Tripod News
As for tripods, quite frankly, it tended to be "more of the same." The usual suspects had the usual first-class gear: Gitzo, Manfrotto, Slik, Tre-D, and Velbon. There's more carbon fiber about every year, but there was only one tripod that caught my attention like the Velbon Maxi trunnion-style tripods last photokina or the Slik Snapman before that.

From bag manufacturers CCS (Camera Care Systems) in England, it was part of a system that embraced a backpack frame, interchangeable bags to go onto the frame, and a tripod that could go in between the two. As well as being a camera support system, the tripod can support a bag that doubles as a mobile office (with let-down shelf for a laptop) and there are accessory arms that turn it into a small hide for bird watchers. It's still at the evaluation stage at the moment but I've been promised one to test. CCS is imported to the US by Pro4; check their UK address/web site for US details.

Apart from that, I could plough through everyone's tripod introductions in detail, but I think you'd be as bored to read it as I would be to write it, so I'll give it a miss. Try the manufacturers' web sites if you really want the latest lowdown. All I'll say is that Paterson continue to refine their Benbo line, and still make them in England after an unsuccessful flirtation with prototypes made in the Far East, while the German-made Wolf and Berlebach wooden tripod lines really deserve to be re-introduced to the US. In fact, web site hunting can be quite fun with some of the less familiar makers, regardless of the product: try 10 Indian-built flash heads from KB (and their enlargers!) or first-class lighting kit from Harisingh and Sons, again in India.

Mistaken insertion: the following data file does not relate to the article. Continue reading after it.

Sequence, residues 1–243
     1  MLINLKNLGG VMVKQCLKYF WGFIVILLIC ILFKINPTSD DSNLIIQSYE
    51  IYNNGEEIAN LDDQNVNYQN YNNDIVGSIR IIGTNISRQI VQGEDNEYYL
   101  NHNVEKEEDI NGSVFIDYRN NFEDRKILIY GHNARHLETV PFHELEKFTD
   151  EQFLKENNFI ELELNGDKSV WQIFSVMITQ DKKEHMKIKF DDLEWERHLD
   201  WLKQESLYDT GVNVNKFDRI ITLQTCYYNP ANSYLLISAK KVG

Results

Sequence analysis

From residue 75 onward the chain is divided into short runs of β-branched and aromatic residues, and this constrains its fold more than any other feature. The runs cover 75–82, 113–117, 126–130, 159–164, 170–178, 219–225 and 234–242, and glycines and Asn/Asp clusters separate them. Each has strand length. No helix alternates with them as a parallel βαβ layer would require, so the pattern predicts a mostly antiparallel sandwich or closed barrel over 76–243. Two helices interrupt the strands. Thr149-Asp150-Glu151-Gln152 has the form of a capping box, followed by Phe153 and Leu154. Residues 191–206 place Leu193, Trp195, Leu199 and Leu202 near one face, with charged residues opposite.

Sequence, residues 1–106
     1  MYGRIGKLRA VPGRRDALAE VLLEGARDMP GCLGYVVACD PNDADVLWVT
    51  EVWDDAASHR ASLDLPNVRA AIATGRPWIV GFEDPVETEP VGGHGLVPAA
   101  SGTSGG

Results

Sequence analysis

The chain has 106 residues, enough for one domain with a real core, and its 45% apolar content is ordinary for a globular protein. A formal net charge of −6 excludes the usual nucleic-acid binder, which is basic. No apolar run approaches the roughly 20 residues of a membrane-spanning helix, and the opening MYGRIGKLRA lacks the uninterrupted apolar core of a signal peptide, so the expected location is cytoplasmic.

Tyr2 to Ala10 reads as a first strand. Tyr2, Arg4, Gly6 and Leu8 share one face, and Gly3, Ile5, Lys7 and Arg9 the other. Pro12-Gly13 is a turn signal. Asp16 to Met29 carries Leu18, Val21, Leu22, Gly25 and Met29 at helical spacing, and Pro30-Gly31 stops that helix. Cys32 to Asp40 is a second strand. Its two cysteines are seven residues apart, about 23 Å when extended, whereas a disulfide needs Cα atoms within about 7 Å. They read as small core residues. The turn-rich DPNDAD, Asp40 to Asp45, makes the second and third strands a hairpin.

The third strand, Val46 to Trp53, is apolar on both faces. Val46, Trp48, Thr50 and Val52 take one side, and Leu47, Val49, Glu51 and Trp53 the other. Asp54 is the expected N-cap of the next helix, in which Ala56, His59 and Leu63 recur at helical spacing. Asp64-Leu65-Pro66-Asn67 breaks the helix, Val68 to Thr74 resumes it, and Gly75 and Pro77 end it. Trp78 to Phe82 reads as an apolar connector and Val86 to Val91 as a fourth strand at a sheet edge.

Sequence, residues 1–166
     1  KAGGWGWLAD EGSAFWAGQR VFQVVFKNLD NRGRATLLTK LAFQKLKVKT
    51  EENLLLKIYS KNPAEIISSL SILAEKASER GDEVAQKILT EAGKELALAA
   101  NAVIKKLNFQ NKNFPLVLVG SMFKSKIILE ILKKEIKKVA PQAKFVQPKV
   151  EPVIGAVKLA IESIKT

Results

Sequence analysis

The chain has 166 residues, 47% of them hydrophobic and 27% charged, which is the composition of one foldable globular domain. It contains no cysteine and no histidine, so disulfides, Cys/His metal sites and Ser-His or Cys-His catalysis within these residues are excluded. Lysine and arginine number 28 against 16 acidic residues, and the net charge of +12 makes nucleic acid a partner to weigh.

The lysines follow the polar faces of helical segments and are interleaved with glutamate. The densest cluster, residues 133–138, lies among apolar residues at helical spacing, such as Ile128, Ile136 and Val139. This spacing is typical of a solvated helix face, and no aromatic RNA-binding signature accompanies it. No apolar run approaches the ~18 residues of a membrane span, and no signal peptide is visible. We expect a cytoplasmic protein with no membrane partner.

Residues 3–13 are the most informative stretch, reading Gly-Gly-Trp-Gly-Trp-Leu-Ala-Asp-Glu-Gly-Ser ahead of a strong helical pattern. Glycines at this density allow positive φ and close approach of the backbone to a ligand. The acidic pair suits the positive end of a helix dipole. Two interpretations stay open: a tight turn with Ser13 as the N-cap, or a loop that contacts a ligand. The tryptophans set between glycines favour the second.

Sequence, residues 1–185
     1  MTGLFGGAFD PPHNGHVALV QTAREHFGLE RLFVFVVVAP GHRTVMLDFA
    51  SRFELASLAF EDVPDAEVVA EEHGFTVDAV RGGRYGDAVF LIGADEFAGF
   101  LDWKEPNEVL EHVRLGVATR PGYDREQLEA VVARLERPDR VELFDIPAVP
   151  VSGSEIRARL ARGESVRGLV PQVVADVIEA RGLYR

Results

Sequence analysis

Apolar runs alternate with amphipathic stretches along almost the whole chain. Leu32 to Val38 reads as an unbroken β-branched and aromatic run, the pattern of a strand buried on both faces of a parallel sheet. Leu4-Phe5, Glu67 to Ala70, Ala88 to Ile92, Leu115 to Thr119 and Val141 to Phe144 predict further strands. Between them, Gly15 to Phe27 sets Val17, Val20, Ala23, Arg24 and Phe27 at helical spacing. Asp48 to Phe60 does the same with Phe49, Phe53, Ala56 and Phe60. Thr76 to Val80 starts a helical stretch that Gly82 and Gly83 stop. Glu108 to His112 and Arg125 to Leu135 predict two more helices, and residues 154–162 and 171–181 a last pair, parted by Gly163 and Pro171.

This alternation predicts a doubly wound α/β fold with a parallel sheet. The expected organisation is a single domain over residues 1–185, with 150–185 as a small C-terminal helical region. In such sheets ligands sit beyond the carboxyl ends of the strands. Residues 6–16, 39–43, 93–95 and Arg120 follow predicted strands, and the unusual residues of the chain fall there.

Finally, two honorable mentions go to press releases from Hama and CCS respectively. The former offers "Presentations by Fingering" via a new computer input device--don't laugh, could you say it in German?--and the other opens with the memorable line, "You may be finding it hard to find a pouch that will fit your equipment..." Well, yes, but it's impolite to boast.